The masses had to suffer the effect of the abuse of power by President Obasanjo and the strained relationship between his Executive led Government and the Legislature due to his disregard for the Constitution and the rule of law. For instance, in protest and reaction to President Obasanjo's abuse of power, in 2000 the National Assembly refused to pass into law the Niger Delta Development Commission (NDDC) Bill which was aimed at stopping the militia crises at the Niger Delta. The NDDC Bill was delayed for 230 days; the delay in the passage of the Bill deepened the woes of those who were victimized in the Niger Delta due to government insensitivity to the plight of the people. When the Bill was eventually passed, the President refused to assent to it because of the amendments done on the Bill by the Legislators; the National Assembly had to invoke its veto power to pass the Bill with a two third majority. The Bill was passed after so much damage had been done in the Niger Delta (Ukase, 2013; Ojakaminor, 2007). The Anti-Corruption Bill also suffered delay for 245 as a way of the Legislature to protest the autocracy and tyranny of President Obasanjo (Ukase, 2013; Ojakaminor, 2007).
Regarding the persistent abuse of the power of prerogative by President Obasanjo, Senator, J.K.N Waku accused President Obasanjo of being autocratic and called on the military to take over administration of the Nation; this was a dangerous call which had the capacity to overturn the social contract system in the country at that time. In effect, in April 2000 Senator Arthur Nzeribe tabled 13-Point allegations of constitutional breaches against President Obasanjo and requested for his removal (Ukase, 2013). Similarly, in August 2002, the House of Representatives under the leadership of Alhaji Umar Ghali Na'abba charged President Obasanjo with thirty-two Constitutional breaches and requested the President to resign his appointment or face impeachment (Abubakar, 2004; Agena, 2013). According to Abubakar (2004:163-164), some of the charges of power usurpation and tyrannical acts raised against President Obasanjo by Alhaji Umar Ghali Na'abba were:
The President violated Section 80(4) of the 1999 Constitution for amending the Appropriation Act by 44% without forwarding the amendments to the National Assembly for ratification; The President violated Section 162(1)(2) and Section 313 of the 1999 Constitution by issuing an order which amended the Revenue Allocation Act without recourse to the National Assembly; the President violated Section 80(2)(3) and (4) of the 1999 Constitution by constantly involving in extra-budgetary expenditure without any budgetary provision in the 2002 Appropriation Act. These extra-budgetary expenditure included: National Assembly contract; National Identity Cards project; the purchase of 63 houses and their furnishing for Ministers to the tune of N3, 019, 153, 178.06.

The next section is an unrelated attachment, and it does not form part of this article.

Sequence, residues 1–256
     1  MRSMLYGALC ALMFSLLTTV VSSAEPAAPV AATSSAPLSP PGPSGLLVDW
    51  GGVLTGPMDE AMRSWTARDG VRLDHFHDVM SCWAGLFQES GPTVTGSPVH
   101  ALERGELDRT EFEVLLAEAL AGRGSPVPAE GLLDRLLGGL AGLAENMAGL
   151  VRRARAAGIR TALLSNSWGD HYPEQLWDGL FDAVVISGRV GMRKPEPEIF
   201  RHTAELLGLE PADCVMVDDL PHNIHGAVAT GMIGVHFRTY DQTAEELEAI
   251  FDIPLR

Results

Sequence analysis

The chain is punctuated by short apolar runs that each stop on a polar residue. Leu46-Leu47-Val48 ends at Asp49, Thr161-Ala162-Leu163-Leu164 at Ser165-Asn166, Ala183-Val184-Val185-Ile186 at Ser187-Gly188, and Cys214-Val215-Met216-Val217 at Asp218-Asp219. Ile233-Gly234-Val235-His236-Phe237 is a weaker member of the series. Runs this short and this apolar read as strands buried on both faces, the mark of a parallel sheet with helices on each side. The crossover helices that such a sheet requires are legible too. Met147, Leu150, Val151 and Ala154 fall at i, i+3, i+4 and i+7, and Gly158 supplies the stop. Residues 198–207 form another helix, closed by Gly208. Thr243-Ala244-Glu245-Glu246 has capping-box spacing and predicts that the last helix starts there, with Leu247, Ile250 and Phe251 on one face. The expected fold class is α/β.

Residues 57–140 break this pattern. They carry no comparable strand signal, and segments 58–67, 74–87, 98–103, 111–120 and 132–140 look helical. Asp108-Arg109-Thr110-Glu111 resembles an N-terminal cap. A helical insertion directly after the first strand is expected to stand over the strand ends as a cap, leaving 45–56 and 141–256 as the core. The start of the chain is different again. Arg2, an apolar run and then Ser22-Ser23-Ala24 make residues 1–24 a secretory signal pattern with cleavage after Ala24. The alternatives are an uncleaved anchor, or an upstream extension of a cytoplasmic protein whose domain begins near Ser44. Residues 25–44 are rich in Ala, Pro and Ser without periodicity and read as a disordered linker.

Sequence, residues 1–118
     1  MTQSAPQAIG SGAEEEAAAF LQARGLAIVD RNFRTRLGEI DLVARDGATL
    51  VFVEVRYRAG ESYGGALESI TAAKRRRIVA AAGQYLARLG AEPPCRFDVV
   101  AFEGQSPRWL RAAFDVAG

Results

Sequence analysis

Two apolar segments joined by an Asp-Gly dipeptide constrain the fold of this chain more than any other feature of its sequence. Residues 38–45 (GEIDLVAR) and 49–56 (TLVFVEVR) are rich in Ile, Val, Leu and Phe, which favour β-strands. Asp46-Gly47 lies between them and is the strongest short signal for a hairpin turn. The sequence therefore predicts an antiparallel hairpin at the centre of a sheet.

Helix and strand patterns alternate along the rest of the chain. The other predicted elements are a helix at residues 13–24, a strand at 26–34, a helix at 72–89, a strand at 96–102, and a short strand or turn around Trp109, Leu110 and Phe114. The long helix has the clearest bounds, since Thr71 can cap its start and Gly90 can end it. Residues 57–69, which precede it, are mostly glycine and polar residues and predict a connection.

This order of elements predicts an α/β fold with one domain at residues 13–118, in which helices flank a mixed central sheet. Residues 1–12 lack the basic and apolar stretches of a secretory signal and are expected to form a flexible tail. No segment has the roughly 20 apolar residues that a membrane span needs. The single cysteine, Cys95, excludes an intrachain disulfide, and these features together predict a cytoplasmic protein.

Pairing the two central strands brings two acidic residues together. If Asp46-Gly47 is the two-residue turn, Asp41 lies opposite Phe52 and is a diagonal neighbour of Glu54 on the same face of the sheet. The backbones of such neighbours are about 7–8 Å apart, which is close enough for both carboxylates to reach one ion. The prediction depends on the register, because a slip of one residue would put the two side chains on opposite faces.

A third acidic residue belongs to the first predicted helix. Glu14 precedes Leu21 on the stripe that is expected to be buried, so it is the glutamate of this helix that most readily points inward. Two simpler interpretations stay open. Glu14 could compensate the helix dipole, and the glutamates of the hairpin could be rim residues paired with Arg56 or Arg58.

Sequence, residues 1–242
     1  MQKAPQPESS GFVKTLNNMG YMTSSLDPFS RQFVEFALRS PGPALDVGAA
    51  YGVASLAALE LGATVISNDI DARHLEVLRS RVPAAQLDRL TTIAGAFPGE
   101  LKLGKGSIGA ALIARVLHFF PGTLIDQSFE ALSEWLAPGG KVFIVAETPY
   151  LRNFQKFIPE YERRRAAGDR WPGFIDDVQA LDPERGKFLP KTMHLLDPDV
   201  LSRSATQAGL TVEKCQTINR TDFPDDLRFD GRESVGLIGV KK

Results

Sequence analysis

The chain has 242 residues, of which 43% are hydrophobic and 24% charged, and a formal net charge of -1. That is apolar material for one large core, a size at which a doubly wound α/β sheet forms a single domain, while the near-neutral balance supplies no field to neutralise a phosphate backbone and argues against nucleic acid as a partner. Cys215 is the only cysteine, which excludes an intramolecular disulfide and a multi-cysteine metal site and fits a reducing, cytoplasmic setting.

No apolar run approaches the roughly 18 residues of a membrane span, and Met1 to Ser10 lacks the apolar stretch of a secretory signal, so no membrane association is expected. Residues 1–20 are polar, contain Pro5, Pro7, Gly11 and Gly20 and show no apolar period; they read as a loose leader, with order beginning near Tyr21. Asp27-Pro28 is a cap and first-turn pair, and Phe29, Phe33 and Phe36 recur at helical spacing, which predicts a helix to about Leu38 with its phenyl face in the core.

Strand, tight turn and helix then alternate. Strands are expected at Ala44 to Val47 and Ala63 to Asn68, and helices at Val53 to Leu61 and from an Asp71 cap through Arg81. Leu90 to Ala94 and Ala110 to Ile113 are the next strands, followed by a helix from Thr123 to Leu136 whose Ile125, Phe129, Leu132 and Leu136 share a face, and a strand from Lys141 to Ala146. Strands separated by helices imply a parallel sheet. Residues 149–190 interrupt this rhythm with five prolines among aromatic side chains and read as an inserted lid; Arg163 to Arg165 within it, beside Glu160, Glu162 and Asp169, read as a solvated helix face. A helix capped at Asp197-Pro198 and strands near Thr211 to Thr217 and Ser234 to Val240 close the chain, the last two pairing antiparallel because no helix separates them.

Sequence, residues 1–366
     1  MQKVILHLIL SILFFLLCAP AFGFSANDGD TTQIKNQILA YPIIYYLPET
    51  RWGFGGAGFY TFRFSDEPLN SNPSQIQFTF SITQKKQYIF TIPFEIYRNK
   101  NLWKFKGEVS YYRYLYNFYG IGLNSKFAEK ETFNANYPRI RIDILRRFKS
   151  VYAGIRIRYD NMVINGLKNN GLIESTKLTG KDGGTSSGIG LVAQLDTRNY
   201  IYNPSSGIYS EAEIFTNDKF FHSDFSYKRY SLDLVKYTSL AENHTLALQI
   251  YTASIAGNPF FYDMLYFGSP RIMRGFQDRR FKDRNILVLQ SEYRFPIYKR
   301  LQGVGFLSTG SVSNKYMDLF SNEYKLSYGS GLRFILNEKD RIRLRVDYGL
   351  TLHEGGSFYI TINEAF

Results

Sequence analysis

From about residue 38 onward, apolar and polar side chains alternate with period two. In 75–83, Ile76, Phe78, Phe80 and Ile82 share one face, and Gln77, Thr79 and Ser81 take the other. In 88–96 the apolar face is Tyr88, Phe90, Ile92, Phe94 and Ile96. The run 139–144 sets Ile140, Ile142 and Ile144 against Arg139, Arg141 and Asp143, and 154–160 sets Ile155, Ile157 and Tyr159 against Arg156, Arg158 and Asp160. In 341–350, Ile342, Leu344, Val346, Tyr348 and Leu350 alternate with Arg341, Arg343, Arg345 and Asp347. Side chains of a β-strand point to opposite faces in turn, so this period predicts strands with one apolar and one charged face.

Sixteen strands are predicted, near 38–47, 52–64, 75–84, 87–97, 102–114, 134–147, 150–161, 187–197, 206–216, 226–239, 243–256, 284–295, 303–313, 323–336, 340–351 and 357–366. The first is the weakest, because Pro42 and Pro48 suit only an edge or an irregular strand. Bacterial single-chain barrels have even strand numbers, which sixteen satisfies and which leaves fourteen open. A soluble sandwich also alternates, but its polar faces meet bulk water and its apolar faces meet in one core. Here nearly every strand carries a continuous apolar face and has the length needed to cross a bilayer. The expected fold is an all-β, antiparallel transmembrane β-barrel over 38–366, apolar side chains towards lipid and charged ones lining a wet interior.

The President unilaterally ordered the deployment of troops to Odi in Bayelsa State and ZakiBiam in Benue State where lives and property were totally razed without following due process thus violating Section 217 (2) C of the 1999 Constitution; the President refused to pay the 13% derivation revenue to the oil producing States contrary to Section 162(2) of the 1999 Constitution. But Obasanjo was able to find his way among the Legislators. He bribed most of the Legislators to stop the impeachment move. Senator Arthur Nzeribe confessed that the Executive, President Obasanjo actually bribed the Legislators to stop the impeachment (Ukase, 2013; Chimee, 2011).
In another development, Section 137 (b) of the 1999 Constitution of Nigeria provides for a four-year two tern for Executives. In 2005 President Obasanjo attempted to amend Section 137 (1)(b) of the 1999 Constitution to smuggle in a provision that would allow him contest for the third time in 2007 elections, his intention to amend the constitution was not within the power of prerogative accorded him by the 1999 Constitution. Since this was unconstitutional, he illicitly bribed Senators with 70 million Naira each while the House of Representatives were each given 50 Million Naira to find his way through the national assembly, but his ambition was not successful (Olasupo, 2011; Ojakaminor, 2007).
The attempt by President Obasanjo to secretary amend the constitution was an act of tyranny, dictatorship and disregard for rule of law. President Obasanjo unconstitutionally abused his office at the expense of the state and the people. His third term ambition divided the National Assembly into the pro-third term and anti-third term; this division affected the smooth running of the activities of the National Assembly and the PDP. President Obasanjo frustrated members of PDP like Atiku Abubakar and Buba Marwa who wanted to declare their interest for the 2007 Presidency because he was planning to unlawfully run for the third time so he did not want them to come the way of the elections (Ojakaminor, 2007;Oni, 2014).
When the Nigerian Labor Congress (NLC) challenged the tyrannical rule of President Obasanjo, in 2004 the President sent a Labor Bill to the National Assembly to whittle down the influence of the NLC in the country. The Labor Bill did not go through as a result his desire to usurp the powers of the NLC was frustrated. He turned around to proposed the Public Bill Act of 2005 which sought to stop all forms of protests against the government; this was a military posture in a democratic system. But the Bill was declared illegal by a High Court in Abuja (Oni, 2014).